I never cried. Did I mention that? Ya, guess I didn't. Not when my father died. Not once as I watched my mother make her downward spiral. Not even after I slowly came to the realization while sitting in the hospital waiting room with the horse-faced social worker that they were going to place me, Noah, and Judy each in a different home, and we would probably never see each other again.
You might say I'm heartless.
I say I'm dead inside.
There's a big difference.
Anyways, that last part wasn't even worth crying over, because it turned out that we weren't split up. That's where Jeremiah and Bernadette Cramner came in.
I'm still not sure exactly how they were related to us, but I think Uncle J was a second cousin, twice removed, on my father's side... Or something like that.
Uncle J was awesome. Ever since the first second I met him, he always had this real big, dopey smile plastered on his face. He was tall, like 7'2", and skinny as a lamppost, and, even though he was a grown man, already pushing sixty when I met him, he still moved like an awkward, lanky teenager. He had big, saucer-ish ears that always stuck out at near right angles from underneath his shaggy mop of salt-and-pepper hair, and his eyes were an incredibly dark brown that made his pale skin seem even paler by comparison. He loved licorice, and he loved basketball, and he loved me.
If it had just been him, life would've been perfect. I might've even had to do something about resurrecting my insides and making an attempt at becoming an emotionally well-adjusted individual. But, alas, there was to be no fun experimentation with inner-zombie-ism for me. There was Aunt Bernadette.
Ah yes, that ever-present, blue-haired tub of slime that made it quite clear she hated me from the start. See, the thing was that she was sterile. Her and Uncle J couldn't have kids of their own, had tried for over forty years without success. Receiving word that a distant relative was willing to plop two newborns into her lap was like a dream come true. Or, would've been if Uncle J hadn't insisted that they take me along with the terrible twosome.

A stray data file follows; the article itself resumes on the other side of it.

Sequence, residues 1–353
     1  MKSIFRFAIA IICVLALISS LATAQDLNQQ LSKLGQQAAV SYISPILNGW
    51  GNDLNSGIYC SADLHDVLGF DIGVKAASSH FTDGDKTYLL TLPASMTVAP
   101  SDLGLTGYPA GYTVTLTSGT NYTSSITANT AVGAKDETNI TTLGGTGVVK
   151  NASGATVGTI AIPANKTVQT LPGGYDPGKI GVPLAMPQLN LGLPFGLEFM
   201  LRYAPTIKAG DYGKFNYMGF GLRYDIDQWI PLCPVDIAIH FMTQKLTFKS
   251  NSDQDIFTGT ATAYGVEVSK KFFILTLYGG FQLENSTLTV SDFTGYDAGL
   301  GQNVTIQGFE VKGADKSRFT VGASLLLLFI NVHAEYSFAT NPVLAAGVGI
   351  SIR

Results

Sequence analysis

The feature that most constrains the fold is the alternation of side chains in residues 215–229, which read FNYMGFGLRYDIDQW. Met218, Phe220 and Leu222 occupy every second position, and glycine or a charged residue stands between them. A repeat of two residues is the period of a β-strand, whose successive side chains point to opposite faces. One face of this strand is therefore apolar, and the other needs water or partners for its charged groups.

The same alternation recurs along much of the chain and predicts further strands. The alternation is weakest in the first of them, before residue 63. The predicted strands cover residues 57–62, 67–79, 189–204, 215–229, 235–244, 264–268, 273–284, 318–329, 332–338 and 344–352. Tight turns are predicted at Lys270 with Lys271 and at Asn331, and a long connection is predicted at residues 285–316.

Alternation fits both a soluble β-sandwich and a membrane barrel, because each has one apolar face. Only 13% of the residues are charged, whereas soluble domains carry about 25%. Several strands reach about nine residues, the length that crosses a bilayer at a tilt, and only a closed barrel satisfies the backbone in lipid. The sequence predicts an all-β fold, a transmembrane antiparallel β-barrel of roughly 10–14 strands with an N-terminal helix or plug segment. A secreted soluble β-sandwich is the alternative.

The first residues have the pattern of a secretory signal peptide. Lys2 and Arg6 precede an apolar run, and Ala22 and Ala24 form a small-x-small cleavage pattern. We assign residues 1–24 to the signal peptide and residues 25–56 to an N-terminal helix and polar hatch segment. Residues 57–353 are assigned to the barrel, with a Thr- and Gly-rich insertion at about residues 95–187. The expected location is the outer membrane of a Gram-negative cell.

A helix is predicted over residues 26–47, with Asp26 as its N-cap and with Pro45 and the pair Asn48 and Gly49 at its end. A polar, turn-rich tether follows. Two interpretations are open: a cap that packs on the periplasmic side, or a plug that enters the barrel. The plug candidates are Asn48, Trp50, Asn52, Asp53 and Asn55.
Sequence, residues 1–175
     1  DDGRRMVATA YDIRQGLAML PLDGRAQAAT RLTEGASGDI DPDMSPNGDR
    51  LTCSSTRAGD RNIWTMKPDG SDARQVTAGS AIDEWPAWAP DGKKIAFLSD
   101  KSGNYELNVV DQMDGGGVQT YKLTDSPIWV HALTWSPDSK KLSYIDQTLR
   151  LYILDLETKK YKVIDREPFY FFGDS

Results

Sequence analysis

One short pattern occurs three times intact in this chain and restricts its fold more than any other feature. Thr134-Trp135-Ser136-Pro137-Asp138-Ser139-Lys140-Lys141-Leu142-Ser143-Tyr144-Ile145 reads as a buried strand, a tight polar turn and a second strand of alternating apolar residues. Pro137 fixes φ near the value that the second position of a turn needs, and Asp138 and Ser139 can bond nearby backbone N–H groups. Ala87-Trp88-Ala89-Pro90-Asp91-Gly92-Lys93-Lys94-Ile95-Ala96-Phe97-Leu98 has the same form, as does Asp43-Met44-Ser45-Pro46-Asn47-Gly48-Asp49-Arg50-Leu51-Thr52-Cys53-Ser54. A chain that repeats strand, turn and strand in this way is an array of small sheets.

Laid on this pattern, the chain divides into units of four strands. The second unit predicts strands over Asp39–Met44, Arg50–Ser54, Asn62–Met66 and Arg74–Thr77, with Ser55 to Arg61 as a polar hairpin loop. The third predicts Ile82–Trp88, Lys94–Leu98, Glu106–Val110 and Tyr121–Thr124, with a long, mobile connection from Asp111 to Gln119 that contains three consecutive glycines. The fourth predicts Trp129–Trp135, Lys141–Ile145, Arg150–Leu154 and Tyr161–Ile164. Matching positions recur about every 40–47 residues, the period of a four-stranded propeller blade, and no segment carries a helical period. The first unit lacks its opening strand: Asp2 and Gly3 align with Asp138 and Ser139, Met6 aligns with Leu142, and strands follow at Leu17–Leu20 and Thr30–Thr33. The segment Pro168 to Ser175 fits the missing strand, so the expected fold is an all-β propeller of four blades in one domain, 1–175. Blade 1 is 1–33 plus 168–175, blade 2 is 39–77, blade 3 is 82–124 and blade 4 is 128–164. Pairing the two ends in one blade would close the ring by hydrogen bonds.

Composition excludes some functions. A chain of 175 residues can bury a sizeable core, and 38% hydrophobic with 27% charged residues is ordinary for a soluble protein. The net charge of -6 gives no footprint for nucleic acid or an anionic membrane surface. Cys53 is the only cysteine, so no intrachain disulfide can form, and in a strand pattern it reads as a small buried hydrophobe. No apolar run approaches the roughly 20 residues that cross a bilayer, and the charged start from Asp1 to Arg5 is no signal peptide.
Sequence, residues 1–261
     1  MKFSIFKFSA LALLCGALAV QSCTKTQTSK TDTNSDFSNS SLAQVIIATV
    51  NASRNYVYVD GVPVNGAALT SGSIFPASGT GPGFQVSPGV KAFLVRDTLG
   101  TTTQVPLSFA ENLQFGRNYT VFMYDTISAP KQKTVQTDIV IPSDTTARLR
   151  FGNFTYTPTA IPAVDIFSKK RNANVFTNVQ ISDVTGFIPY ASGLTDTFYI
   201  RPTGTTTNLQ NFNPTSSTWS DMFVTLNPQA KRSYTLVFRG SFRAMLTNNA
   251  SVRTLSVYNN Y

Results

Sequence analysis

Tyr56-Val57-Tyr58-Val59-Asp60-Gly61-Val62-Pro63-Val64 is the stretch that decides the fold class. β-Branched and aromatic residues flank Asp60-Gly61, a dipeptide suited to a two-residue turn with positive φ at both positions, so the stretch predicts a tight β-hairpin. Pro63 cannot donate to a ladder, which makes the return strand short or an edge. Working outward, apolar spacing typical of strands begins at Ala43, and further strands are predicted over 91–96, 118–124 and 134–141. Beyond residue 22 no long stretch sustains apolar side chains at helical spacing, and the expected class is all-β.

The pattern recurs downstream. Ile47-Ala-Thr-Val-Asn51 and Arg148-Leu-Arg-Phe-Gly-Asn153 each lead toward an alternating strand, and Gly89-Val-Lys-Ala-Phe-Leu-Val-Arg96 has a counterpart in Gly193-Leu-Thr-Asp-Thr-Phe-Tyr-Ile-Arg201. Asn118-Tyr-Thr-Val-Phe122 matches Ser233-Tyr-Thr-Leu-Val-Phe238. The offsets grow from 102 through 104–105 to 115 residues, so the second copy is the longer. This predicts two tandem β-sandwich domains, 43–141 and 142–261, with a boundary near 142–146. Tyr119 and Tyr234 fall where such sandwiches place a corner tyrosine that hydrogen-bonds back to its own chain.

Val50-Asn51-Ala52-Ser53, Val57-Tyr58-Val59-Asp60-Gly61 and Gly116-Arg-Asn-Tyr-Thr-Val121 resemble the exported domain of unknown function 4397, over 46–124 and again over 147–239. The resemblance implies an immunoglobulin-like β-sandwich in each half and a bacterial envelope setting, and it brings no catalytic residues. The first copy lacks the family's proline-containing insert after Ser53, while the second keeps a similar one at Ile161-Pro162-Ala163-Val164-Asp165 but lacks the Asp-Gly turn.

I wasn't hers. Neither were Noah and Judy, but if I hadn't been there it would've been a lot easier for her to forget that fact and pretend that the bubbly pair had arrived screaming into the world from out between her legs. I, as she told me once shortly after we arrived, was a constant reminder of her failure as a woman.
Well, I guess I've depressed you enough for now, so how about we talk about something else? The twins. Even when Noah and Judy were babies I could tell the both of them were gonna be real heartbreakers when they grew up.
Noah was so handsome. I don't mean to sound biased, I mean, I know I am, being his proud big sister and all, but he really was! Despite still being that of a small child, his features were strong, and sharp, and he had a head of shaggy brown hair that was the same color I remembered Daddy's to be, and huge, brown eyes that you could just melt into. I knew that as soon as that kid hit puberty, he was gonna have all the girls just fawning over him.
Even if his looks weren't enough (I've got the urge to find him and pinch his chubby, freckled little cheeks just thinking about him), that personality of his would most definitely be more than sufficient to get him through life. That boy has always been sweeter than candy, and so outgoing that I've had to pull him away from random conversations with shady-looking strangers on more than one occasion. He'll march right up to anyone, young or old, tall or short, potential serial killer/pedophile or not, present his hand, and state proudly, "HI! I'm Noah! What's your name?"
Cute, huh? And he's always been very protective of Judy and me, although, she's always needed it a lot less than I do if you're going by sheer attitude. I'm strong, but in a quiet sorta way, and only because I've had to be. Even when she was little, Judy was strong, but in a far-too-bitchy-to-be-a-toddler, I-don't-care-that-I'm-puny-I'll-take-you-on-right-now sorta way.
It's because she looked so angelic, with her big blue eyes, long golden blond ringlets, and rosy little cherub cheeks. Adults and other kids underestimated her, and then they'd piss her off, and then they'd get the crap kicked out of them. Even when she was too little to do any real damage, she'd still try her hardest, and getting kicked in the shins, or having your ankles bitten hurts pretty bad.
But my little tomboy was still a sweetheart. Not to the extent of her brother, but she had her moments. I'd play catch with her for a few minutes, or put braids in her hair, and I'd get rewarded with her cute little smile, and a sloppy kiss on the cheek.
You laugh, and I kill you.